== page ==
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Guidance for Introducing Formal Methods into a Software Verification Infrastructure
Formal methods -- languages and tools that support mathematics-based reasoning about program properties -- can be a practical component of the verification activities for high assurance software, thanks in part to advances in hardware technology and proof engine power and performance. In safety-critical or high-security systems, testing might not by itself be sufficient to achieve the required level of confidence in a program's correctness.
Despite its advantages, however, adopting formal methods may seem like "culture shock" to many organizations. Issues of concern include personnel training, tool integration, and how to use formal methods in conjunction with (or perhaps instead of) testing or other static or dynamic analysis techniques. This presentation will describe a set of guidelines and processes that can ease the job of adopting formal methods, and summarize some practical experience with their application in industrial projects. The guidance is based on the SPARK language [1, 2] (an Ada subset specifically designed for formal verification) and technology; it can be used either for introducing SPARK into an existing project or for adopting SPARK at the outset. With some adaptation the approach could also be applied to other technologies, e.g. Frama-C.
The guidance has been used in pilot projects by a major aerospace company (Thales) and is documented in a handbook co-authored by AdaCore and Thales . In brief, introducing formal methods can be achieved at several levels based on a project's assurance goals:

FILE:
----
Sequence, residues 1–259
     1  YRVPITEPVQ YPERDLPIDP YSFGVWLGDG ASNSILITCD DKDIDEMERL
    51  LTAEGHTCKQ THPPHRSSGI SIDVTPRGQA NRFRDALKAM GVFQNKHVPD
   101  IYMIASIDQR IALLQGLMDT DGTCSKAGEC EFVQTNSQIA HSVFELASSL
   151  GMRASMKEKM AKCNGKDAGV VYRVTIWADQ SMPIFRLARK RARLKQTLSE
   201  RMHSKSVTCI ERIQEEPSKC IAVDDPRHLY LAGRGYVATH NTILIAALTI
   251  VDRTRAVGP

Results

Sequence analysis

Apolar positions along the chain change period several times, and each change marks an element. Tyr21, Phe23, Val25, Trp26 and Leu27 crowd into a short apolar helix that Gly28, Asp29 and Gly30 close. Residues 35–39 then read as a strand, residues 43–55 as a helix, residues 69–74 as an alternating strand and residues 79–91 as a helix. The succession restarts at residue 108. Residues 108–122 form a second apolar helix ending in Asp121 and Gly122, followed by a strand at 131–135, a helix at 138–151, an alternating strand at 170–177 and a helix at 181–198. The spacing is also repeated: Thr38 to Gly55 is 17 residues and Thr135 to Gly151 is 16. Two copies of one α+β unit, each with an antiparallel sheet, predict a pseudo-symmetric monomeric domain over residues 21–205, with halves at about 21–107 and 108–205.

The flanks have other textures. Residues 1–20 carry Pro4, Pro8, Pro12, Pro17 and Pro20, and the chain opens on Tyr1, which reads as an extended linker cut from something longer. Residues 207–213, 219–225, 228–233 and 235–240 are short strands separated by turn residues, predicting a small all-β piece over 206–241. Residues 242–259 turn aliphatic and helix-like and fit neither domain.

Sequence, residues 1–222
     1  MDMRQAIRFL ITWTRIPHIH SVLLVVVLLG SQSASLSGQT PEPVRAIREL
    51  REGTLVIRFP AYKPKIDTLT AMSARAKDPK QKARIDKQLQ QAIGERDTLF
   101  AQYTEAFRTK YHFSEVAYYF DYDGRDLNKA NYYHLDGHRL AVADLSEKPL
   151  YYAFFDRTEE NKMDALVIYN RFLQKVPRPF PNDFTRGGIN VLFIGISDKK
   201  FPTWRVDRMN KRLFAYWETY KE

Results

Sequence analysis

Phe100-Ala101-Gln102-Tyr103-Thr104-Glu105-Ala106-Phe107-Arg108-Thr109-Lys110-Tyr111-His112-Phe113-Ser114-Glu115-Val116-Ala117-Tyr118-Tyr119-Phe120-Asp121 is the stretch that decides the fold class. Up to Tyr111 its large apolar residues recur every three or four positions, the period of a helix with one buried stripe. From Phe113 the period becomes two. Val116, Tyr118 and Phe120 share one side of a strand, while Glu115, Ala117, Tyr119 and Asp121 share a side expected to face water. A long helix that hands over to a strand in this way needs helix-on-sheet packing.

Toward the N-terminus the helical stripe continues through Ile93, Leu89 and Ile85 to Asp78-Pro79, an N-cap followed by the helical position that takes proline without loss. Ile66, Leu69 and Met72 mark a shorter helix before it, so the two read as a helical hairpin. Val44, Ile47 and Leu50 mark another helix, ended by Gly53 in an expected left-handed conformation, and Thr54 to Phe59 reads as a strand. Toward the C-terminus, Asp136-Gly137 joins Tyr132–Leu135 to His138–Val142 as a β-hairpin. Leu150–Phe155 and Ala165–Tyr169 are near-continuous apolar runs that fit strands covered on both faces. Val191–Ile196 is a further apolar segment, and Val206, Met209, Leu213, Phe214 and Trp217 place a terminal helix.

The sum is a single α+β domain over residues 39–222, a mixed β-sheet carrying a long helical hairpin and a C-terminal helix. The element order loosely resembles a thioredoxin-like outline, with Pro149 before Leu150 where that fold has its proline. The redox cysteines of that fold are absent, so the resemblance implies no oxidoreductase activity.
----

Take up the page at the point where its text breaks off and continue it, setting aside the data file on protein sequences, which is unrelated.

1. Stone level - Adhering to the SPARK subset. This is an intermediate step during technology adoption.
2. Bronze level – Proving proper initialization and correct data flow. This level is recommended for the largest part of the code that is possible and will, among other things, prevent reads of uninitialized variables and misuses of global data.
3. Silver level - Proving absence of run-time errors. This level is recommended for critical software, for example if it needs to be certified against software standards such as DO-178B and DO-178C (avionics) or EN 50128 (rail).
4. Gold level - Proving key integrity properties. This level is appropriate for a subset of code where critical safety or security properties need to be shown.
A fifth level, Platinum, entails a full functional proof that the software meets its formally specified requirements. This level may be appropriate in applications demanding ultra-high reliability but is outside the scope of the approach documented in .
The guidance at each level analyzes the benefits gained at that level, the impact on processes, and the costs and limitations. The level-based approach is consistent with the objectives in the Formal Methods supplement (DO-333) to the DO-178C standard for airborne software, and it supports the use of "hybrid verification" in which traditional (testing-based) approaches are used to verify some program properties, and formal methods are used to verify others.
 J. McCormick and P. Chapin; Building High Integrity Applications with SPARK; Cambridge University Press, 2015.
 AdaCore and Thales, Implementation Guidance for the Adoption of SPARK; January 2017. http://www.adacore.com/knowledge/technical-papers/implementation-guidance-spark/
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Benjamin Brosgol (Primary Presenter), AdaCore, firstname.lastname@example.org;
Dr. Benjamin Brosgol is a senior member of the technical staff at AdaCore. He has delivered tutorials and presentations at previous STC and SSTC conferences, on topics including safety, security, and programming language technology. He was a member of the Expert Groups for the Real-Time Specification for Java and for Safety-Critical Java Technology, and has also participated in ISO SC22's Working Group on vulnerabilities. In 2006 Dr. Brosgol received ACM SIGAda's Outstanding Ada Community Contributions award, and he has also received ''Best Paper'' and ''Best Presentation'' awards at several Ada-Europe conferences. He holds a BA in Mathematics (with honors) from Amherst College, and MS and PhD degrees in Applied Mathematics from Harvard University.